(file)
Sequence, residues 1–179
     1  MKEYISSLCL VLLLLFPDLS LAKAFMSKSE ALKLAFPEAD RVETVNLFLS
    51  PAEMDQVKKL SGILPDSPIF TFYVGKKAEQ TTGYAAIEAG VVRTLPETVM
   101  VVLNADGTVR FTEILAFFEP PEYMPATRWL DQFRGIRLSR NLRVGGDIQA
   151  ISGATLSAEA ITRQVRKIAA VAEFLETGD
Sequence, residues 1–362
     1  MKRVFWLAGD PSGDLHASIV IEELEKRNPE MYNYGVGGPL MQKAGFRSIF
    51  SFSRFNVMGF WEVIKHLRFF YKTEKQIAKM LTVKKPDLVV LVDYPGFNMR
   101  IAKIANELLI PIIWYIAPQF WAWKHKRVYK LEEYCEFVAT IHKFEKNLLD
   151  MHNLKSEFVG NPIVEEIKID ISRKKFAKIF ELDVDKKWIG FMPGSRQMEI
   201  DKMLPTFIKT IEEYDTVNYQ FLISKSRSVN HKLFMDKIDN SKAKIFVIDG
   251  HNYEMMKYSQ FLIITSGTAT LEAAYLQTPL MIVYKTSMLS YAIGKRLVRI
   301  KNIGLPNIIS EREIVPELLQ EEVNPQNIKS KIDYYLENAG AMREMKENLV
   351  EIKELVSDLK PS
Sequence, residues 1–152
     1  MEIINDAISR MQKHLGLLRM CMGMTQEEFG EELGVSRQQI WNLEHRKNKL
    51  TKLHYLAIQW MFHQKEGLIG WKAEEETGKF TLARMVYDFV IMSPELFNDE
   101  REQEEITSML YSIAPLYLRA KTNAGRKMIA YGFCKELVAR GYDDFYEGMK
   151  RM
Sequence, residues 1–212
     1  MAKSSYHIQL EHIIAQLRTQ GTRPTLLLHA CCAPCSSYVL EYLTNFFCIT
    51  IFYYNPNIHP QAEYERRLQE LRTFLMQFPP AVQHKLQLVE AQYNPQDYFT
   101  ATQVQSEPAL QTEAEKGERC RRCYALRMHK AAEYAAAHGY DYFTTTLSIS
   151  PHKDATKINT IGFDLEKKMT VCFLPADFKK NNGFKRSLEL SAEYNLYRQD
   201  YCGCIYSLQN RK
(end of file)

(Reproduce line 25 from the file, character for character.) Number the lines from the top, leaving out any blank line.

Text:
   201  YCGCIYSLQN RK